Alabama Horse Race (December 8, 2017): Demographic Dynamics, Data Dimensions, and a Lesson in Peering Around Corners

Republished from Breaking / Bannon.

Using cross-tabulations from recent CBS News and Gravis opinion polls for the December 12 special Senate election in Alabama, we can identify key demographic slices of the electorate who could play a significant role in the outcome of the race. Consider the table below, that break out Alabama voter preferences and attitudes by age (with comparable possibilities for building tables of preferences and attitudes for Alabama voters distinguished by gender, education, race, and religious status).

Election Outcomes and Non-Linear Thinking: How to Peer Around Corners

In both CBS News and Gravis polls, a wide preference gap separates voters under the age of 45 from those over the age of 45. Among younger voters, an average of 61% plan to vote for Doug Jones, compared to an average of 38% for older voters. While 52% of younger voters hold a favorable opinion of Doug Jones, compared to only 39% of older voters.

However, this chasm extends beyond support for Doug Jones among younger voters, interlacing a cluster of related opinions concerning national politics, opinions of and allegations against Roy Moore, and policy issues. At the same time, older voters are significantly more likely to vote and motivated to vote than younger voters.

Analysis of these various electoral dynamics, specifically in the context of the unique circumstances of the Alabama Senate election, requires some non-linear thinking. The payoff for this kind of analysis is insight into flexible range of possibilities (and explanations for) election outcomes that defy conventional wisdom. Consider below, for a moment, the patterns in the table of personal and policy preferences for this election, and then we can briefly explore their implications.

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Demographic Dynamics and Data Dimensions

In the aggregate, about 52% of younger voters surveyed for the CBS News and Gravis Marketing polls support Doug Jones and moderate-to-liberal policy positions concerning abortion, same-sex marriage, immigration, and the economy. Only about 31% of older voters support Doug Jones and these moderate-to-liberal policy positions.

Similarly, about 45% of younger voters actively oppose and mistrust Roy Moore, believe the women who accused him of predatory sexual behavior when he was in his 30s, and disagree with his theocratic and scriptural perspective on legal and constitutional matters.  These younger voters also dismiss the national Republican Party apparatus that now supports Roy Moore’s candidacy for the Senate, even in the wake of these disturbing allegations. Only about 29% of older voters similarly align themselves against Roy Moore and the national Republican Party.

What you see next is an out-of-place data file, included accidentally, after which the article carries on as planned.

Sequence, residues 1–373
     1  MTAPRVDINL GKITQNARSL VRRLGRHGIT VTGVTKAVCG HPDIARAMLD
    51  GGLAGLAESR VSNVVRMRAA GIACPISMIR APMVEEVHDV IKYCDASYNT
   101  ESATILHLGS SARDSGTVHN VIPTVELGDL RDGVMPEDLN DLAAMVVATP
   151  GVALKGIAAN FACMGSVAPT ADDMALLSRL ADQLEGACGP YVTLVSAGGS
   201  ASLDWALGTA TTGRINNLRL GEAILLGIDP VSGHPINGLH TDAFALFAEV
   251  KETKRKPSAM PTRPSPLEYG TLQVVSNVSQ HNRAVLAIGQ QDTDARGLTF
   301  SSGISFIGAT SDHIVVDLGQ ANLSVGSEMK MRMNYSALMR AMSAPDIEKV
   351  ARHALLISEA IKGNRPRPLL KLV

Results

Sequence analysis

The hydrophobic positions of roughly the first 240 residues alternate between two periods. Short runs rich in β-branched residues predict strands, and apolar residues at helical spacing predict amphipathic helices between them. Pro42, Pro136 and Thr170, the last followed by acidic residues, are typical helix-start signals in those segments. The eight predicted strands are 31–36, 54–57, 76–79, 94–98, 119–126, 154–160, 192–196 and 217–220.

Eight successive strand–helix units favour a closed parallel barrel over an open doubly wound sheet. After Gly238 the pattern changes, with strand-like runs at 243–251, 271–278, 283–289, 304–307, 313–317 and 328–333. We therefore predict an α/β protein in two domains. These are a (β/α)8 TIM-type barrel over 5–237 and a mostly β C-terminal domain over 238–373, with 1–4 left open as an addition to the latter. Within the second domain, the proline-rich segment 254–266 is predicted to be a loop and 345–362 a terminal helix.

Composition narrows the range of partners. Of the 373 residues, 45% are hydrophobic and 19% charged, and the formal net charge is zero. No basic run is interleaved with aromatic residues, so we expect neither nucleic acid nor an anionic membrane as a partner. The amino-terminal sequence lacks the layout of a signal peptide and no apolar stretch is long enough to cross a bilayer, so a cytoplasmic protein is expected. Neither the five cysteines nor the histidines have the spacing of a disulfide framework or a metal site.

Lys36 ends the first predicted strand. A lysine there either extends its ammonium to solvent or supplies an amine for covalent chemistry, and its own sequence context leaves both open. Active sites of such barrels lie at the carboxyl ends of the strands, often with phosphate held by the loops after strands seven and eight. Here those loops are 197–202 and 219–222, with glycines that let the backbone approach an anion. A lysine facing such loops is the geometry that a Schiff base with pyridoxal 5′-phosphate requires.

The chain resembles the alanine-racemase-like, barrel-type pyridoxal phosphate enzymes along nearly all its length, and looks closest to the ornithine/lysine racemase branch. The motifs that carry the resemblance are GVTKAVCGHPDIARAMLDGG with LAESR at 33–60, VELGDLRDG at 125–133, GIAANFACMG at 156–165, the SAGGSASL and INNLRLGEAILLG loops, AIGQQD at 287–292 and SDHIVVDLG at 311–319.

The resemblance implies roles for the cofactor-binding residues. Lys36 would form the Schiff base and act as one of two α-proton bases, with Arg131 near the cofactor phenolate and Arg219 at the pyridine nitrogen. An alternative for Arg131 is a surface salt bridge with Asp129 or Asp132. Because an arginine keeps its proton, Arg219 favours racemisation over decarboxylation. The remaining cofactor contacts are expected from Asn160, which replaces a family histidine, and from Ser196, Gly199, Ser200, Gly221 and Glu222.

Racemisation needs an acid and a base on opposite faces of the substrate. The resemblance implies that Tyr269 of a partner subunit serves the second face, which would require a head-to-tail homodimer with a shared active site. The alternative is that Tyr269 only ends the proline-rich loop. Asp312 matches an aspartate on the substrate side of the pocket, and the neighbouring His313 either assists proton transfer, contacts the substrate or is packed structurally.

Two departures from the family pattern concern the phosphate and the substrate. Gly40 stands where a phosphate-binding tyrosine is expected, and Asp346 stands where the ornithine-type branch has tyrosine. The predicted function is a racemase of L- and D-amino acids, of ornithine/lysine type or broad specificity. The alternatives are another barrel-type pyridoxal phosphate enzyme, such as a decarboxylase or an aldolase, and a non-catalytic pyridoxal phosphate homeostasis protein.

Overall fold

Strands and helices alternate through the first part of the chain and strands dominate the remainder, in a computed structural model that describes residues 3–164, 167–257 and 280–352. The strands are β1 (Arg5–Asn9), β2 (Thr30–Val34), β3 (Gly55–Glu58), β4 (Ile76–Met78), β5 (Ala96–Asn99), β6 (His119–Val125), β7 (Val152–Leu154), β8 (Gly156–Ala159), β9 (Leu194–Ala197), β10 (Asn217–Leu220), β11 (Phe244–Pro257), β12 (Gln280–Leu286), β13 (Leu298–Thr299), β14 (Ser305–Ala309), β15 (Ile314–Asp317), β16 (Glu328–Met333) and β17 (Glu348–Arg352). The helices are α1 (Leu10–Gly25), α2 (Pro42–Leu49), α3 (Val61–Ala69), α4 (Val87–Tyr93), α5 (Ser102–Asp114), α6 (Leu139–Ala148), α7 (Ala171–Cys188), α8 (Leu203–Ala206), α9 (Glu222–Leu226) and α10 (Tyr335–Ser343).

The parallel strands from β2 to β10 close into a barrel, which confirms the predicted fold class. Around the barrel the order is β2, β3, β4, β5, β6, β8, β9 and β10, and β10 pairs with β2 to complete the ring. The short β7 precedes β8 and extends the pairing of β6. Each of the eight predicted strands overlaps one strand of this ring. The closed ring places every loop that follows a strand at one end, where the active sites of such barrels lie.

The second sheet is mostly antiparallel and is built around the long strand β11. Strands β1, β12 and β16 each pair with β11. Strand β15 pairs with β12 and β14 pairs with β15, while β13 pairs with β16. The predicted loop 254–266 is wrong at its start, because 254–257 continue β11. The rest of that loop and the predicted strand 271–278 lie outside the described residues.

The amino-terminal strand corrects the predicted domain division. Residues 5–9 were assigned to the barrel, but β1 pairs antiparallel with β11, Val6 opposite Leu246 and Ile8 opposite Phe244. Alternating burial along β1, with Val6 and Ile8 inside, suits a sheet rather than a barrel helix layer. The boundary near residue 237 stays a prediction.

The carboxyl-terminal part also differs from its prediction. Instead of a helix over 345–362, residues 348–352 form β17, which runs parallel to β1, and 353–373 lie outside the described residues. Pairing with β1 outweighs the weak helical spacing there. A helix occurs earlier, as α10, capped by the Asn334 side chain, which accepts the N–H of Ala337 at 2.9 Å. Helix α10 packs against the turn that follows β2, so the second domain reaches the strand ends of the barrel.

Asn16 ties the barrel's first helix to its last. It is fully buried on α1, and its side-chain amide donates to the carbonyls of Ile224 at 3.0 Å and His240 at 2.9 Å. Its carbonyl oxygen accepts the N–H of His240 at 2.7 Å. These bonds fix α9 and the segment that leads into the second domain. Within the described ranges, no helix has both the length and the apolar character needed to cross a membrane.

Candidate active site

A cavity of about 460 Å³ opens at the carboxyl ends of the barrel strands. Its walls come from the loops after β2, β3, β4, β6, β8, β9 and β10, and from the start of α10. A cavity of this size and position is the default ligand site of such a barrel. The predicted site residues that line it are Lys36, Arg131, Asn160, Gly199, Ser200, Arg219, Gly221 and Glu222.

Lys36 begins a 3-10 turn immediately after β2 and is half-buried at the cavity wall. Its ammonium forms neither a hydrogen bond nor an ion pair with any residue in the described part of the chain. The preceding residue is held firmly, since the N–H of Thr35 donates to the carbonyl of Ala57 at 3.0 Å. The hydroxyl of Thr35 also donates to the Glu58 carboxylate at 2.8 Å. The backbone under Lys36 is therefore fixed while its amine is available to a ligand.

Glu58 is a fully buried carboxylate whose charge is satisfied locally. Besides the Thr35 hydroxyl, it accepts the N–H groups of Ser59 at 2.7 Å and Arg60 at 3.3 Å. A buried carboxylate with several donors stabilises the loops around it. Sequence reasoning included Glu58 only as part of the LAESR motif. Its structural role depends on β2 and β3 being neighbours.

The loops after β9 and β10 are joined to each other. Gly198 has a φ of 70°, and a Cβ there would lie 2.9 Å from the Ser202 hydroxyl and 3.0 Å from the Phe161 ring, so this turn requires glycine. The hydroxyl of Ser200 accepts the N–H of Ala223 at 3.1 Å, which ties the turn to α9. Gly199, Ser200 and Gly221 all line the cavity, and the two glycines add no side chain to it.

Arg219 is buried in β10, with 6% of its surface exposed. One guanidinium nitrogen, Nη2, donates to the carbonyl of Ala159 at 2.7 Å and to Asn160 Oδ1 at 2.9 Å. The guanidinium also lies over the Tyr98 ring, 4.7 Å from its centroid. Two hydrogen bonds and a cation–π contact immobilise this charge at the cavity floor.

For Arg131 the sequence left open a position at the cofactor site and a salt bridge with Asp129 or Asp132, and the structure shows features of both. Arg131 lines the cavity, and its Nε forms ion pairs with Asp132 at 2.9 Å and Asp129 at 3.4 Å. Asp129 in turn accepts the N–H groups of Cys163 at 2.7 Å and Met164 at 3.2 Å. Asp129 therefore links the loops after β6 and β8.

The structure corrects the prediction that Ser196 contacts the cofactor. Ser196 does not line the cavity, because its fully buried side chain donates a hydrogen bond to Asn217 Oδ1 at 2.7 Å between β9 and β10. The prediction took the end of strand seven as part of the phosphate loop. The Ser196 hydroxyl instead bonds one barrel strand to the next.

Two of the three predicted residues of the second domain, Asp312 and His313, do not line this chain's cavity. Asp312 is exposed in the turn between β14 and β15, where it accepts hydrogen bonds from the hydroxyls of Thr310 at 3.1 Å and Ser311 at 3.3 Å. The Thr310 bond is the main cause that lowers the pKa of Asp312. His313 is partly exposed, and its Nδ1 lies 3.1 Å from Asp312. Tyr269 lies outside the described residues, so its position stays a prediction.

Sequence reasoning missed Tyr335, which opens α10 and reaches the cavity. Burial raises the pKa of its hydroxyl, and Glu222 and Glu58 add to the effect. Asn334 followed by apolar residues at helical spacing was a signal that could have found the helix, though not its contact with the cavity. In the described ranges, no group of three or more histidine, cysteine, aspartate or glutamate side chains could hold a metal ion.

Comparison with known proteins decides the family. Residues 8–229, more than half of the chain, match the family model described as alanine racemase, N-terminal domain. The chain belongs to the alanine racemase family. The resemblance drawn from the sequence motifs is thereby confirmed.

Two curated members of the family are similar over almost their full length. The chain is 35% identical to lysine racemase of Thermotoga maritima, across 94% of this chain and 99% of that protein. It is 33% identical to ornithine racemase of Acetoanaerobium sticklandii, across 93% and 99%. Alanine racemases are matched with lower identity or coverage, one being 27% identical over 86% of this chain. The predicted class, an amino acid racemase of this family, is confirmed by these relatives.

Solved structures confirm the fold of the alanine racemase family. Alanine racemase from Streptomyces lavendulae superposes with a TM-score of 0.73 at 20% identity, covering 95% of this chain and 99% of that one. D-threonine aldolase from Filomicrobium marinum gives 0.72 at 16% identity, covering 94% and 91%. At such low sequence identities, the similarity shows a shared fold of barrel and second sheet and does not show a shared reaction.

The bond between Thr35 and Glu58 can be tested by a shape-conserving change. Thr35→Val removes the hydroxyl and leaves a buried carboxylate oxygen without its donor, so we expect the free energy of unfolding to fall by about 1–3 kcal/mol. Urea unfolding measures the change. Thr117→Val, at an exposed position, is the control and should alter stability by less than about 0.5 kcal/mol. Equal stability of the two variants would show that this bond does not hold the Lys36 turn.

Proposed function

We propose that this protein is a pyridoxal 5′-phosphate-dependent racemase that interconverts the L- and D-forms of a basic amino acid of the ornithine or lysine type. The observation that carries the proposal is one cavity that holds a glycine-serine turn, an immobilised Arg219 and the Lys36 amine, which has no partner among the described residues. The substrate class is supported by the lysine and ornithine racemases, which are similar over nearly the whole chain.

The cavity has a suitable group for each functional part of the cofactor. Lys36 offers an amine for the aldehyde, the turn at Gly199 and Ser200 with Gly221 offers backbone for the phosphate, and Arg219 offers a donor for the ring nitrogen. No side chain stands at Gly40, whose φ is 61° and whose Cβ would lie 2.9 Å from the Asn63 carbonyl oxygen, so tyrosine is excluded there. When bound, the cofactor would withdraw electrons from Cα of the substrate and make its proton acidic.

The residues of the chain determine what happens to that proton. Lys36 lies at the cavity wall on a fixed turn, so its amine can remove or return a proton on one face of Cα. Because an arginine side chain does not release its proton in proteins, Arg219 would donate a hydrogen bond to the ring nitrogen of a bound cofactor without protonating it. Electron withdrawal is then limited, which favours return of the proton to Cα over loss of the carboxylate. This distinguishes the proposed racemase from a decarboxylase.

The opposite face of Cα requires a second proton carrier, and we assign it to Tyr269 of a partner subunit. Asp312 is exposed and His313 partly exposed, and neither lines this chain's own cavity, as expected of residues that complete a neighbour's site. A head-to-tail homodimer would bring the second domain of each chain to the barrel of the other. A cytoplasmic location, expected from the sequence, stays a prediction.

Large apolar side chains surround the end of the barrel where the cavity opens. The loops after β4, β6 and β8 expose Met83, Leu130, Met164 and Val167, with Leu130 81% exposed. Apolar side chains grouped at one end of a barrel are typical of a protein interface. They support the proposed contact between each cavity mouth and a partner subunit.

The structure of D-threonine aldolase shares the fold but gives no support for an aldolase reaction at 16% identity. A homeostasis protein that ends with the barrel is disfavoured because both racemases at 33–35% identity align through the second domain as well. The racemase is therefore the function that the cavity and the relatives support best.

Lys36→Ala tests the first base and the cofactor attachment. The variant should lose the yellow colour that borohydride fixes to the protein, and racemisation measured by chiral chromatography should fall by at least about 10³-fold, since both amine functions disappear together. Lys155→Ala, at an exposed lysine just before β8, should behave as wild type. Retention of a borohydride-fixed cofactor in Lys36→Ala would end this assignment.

In general, the consistent trend is for younger voters to favor Doug Jones and oppose Roy Moore, across all dimensions of the personal and political landscape, at rates about 60% higher than older voters. These trends further intensify at the extremes, with voters aged 18-29 favoring Doug Jones and opposing Roy Moore at rates about 80% higher than the oldest voting cohort, those aged 65 and over.

While these trends might indicate a leverage point for the Doug Jones campaign, the enduring realities of electoral interest and voting turnout, disclosed in the Voting  Enthusiasm section of the table, suggest otherwise. Along the dimensions of voting likelihood and voting motivation, younger voters are about 25% less likely than older voters to actually follow through on election day, with this gap increasing to 40% less likely when comparing the 18-29 year old group to the 65+ group. When factoring in these propensities, the age-driven voting gap would seem likely to wipe out most (although not all) of the edge Doug Jones obtains from voters under the age of 45.

There are also simply fewer young people eligible to vote. In the state of Alabama, about 47% of the adult population is under 45. The CBS poll further underweights this population, with only about 40% of its sample falling into the under-45 age cohort. So how do we interpret this information? That is a story for the third essay in this series.

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